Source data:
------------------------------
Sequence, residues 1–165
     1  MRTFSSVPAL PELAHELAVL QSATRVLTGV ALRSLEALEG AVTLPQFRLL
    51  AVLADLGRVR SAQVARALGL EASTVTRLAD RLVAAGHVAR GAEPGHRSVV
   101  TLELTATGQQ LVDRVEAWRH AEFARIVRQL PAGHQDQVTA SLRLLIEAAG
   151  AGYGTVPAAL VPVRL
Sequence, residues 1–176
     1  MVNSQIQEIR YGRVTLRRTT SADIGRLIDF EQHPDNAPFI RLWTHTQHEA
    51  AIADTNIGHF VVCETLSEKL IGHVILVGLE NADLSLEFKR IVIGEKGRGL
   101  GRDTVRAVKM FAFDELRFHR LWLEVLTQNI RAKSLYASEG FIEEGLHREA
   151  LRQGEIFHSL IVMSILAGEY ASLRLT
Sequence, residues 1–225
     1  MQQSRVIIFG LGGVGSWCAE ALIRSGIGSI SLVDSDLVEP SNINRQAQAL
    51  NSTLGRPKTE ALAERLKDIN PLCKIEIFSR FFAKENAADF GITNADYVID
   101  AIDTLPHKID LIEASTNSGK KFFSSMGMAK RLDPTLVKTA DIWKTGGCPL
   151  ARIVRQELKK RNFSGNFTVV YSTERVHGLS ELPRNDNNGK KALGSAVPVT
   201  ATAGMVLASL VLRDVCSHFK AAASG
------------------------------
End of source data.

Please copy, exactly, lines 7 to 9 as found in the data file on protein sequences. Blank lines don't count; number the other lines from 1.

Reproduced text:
     1  MVNSQIQEIR YGRVTLRRTT SADIGRLIDF EQHPDNAPFI RLWTHTQHEA
    51  AIADTNIGHF VVCETLSEKL IGHVILVGLE NADLSLEFKR IVIGEKGRGL
   101  GRDTVRAVKM FAFDELRFHR LWLEVLTQNI RAKSLYASEG FIEEGLHREA